Vince Pornelos / Vince Pornelos | September 08, 2015 17:20
Rock and Roll
2015 really is the year of the truck.
In the last nine months, four car manufacturers launched new generation and updated versions of their pick-up truck nameplates, breathing much life into the segment.
Such was not the case for Chevrolet Philippines, as there wasn't an update scheduled this year for their contender: the Colorado. And so, to make their truck more competitive, they chose to upgrade the truck themselves... well, sort of.
The result is this: the Chevrolet Colorado Tracker Pro.
The body and overall design is still the same as the one that Chevrolet Philippines launched in 2012, and that's not a bad thing. It's still a strong design with those muscular proportions, tall stance and purposeful cuts and lines. But one look and it becomes clear that this particular variant of the Colorado isn't exactly standard, as Chevrolet made some very meaningful and profound upgrades to the look and capabilities.
The most obvious the installation of a snorkel on the passenger side fender and A-pillar. For the non-4x4 inclined, the snorkel (as it's name states) allows the engine to breathe even when wading through water. On all four corners are gun-metal wheels with grabby all-terrain tires, allowing the Colorado to get more traction off-road. Chevy also installed a lift kit on the suspension, elevating the ground clearance another 2 inches, and increasing the Tracker Pro's water wading depth to 880mm; the best in its class.
Underneath the nose of the Tracker Pro is some serious off-roading gear such as an electric winch that can pull 12,000 lbs. (about 5,500 kg), or nearly triple the weight of the vehicle. That winch comes with a full kit that includes the remote switch (that you plug into the bumper), a set of chains, straps and more. There is even a tow hitch at the back that's rated up to 6,000 lbs. (about 2,250 kg), meaning it can tow another Colorado with plenty to spare.
Should things get rocky, there's an aluminum skid plate underneath the engine bay. All of these enhancements, along with the bedliner and the functional roof rack, are not mere cosmetic parts but components meant to make the Colorado more capable when the road gets tough.
Like the standard Colorado models, the interior is a nice mix of gray and black hues. The steering wheel does feel nice, and the dashboard layout feels very modern. The seats are wrapped in grayish beige leather, with plenty of space to go around for a truck. Overall, it's nice and roomy, with the usual array of storage options such as compartments atop the dash, pockets for storage, cupholders by the A/C vents, and little compartments under the rear seat for tools and such.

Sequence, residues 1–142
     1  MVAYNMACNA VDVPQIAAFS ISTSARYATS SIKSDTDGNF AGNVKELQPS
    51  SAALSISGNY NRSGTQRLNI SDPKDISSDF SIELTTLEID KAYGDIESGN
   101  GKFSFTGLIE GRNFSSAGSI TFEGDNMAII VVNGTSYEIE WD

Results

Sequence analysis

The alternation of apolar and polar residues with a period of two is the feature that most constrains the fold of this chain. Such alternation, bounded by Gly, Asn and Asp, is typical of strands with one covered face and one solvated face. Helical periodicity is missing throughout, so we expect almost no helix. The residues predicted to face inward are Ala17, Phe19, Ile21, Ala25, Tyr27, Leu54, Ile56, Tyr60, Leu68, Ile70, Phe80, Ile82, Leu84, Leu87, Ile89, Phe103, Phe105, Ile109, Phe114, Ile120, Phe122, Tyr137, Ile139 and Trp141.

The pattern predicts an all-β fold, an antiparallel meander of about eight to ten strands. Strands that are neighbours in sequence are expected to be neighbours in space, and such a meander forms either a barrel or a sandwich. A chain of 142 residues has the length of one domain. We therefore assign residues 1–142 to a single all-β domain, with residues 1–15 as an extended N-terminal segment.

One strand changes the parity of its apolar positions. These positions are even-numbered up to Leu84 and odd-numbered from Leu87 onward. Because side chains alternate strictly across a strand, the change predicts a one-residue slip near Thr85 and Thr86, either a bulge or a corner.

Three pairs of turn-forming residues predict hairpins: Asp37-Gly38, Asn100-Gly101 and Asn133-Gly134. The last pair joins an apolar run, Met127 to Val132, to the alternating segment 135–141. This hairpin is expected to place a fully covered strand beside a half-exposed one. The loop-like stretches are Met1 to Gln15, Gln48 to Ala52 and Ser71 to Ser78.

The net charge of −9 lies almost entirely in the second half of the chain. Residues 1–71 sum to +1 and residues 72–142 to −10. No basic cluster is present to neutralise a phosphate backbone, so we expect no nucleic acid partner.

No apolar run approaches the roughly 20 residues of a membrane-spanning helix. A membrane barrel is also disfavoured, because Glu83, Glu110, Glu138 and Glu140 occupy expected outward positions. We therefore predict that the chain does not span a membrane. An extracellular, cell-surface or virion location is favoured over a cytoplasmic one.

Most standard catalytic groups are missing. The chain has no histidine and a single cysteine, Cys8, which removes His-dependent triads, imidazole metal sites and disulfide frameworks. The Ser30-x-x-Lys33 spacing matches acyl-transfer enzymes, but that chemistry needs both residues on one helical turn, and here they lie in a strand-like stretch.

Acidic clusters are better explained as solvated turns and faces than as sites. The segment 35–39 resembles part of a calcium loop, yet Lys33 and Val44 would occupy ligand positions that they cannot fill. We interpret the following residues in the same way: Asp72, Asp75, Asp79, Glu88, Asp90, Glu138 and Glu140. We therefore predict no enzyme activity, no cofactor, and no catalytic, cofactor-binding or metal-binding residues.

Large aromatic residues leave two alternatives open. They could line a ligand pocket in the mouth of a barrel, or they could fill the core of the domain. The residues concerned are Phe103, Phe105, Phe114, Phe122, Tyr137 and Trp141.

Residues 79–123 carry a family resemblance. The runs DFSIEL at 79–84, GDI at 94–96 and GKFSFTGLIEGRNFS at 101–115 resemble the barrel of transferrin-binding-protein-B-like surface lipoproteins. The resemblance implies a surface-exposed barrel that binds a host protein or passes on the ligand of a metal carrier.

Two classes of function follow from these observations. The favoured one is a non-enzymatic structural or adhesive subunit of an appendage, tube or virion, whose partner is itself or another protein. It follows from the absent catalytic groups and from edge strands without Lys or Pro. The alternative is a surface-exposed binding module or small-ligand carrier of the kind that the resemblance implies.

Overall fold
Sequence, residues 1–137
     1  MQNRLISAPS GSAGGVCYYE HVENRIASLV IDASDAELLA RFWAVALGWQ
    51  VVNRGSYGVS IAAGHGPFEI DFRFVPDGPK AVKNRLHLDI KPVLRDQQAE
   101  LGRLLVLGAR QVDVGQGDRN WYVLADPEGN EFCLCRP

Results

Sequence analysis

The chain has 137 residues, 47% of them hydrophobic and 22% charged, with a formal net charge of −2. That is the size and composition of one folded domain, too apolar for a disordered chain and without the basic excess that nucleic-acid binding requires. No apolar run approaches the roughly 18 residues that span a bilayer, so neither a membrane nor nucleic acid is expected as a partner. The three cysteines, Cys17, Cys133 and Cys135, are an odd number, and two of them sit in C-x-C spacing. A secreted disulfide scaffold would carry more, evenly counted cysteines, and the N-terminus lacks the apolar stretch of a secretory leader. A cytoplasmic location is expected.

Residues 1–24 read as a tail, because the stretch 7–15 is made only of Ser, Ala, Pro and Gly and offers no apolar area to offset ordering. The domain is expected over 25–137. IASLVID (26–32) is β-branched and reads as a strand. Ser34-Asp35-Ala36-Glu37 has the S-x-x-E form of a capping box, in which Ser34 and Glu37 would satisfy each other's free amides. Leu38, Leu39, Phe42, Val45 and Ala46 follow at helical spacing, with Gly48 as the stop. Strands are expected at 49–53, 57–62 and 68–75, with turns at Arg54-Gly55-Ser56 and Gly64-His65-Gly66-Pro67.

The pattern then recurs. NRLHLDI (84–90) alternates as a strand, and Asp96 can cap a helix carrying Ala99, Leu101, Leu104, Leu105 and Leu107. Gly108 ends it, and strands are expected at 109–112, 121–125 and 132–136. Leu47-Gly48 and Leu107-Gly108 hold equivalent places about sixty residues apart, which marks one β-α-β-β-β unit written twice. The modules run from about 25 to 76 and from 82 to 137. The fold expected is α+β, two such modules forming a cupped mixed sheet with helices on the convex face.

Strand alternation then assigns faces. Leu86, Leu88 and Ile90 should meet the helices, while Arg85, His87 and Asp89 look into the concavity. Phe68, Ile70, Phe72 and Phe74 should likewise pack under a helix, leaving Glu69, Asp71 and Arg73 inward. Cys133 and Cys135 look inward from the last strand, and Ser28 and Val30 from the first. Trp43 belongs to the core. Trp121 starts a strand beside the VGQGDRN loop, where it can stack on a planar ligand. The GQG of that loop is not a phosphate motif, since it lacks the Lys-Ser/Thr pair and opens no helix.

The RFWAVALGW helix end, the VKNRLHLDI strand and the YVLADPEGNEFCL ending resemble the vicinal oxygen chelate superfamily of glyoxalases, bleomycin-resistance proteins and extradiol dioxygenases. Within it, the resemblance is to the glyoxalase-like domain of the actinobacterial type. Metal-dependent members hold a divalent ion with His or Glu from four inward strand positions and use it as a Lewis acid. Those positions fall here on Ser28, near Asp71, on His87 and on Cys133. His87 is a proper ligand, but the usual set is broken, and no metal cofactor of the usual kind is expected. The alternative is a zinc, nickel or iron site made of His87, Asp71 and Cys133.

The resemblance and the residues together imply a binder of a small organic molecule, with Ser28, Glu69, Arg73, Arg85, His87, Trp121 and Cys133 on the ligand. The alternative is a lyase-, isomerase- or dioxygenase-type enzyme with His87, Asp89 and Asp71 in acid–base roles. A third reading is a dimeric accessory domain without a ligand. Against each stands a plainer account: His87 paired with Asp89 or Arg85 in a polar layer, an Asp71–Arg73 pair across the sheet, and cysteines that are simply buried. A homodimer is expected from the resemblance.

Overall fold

Power amenities, multi info displays, USB input and other bits come standard with the Colorado. The in-dash audio system is the new Chevrolet MyLink system, and has plenty of functions for even the most techie of us around. Chevy also put in a built-in back-up camera, a tire pressure monitoring system, and even an in car video recorder (dashcam) with 32 GB of memory.
Powering the Colorado Tracker Pro is the VM Motori-sourced 2.8-liter CRDI diesel engine. Badged as Duramax, the Colorado gets 200 PS and 440 Nm of torque at 2000 rpm for this model that has a 6-speed manual. Firing it up for the first time elicits that diesel rumble, though its much quieter than before.
Around town, the suspension is more comfortable than what you would be used to in trucks like the Hilux or Navara, and feels to be in the same category as the new Ranger and Strada for ride. The clutch is lighter than expected while the braking is good, considering the extra weight. Handling is decent, but there isn't really much to note in that department.
Straight line acceleration is good, though the gearing is a little taller than what I would have expected. For uphill inclines you really need to be in the right gear for it, as the Colorado does feel quite heavy. Fuel economy in the city is at the 9.6km/l mark (moderate to heavy traffic) and 12.9 km/l on the highway.
When taken on a trail up in the mountains the Colorado Tracker Pro performs and feels as advertised. The shift on the fly 4x4 system makes drivetrain selection easy, and the A/T tires offer plenty of traction on muddy roads. Thankfully the weather cooperated and didn't necessitate the use of the winch, and the river crossing didn't need the use of the snorkel, but it's nice to know that they're there.
Overall the Tracker Pro is a great choice in the pick-up segment, especially for those who seek a hassle-free entry into serious off-roading. This model, priced at PhP 1,588,888, gives customers a veritable starter kit into 4x4 adventures and is plenty of fun when used off the beaten path.
Oh, and it works great on floods too.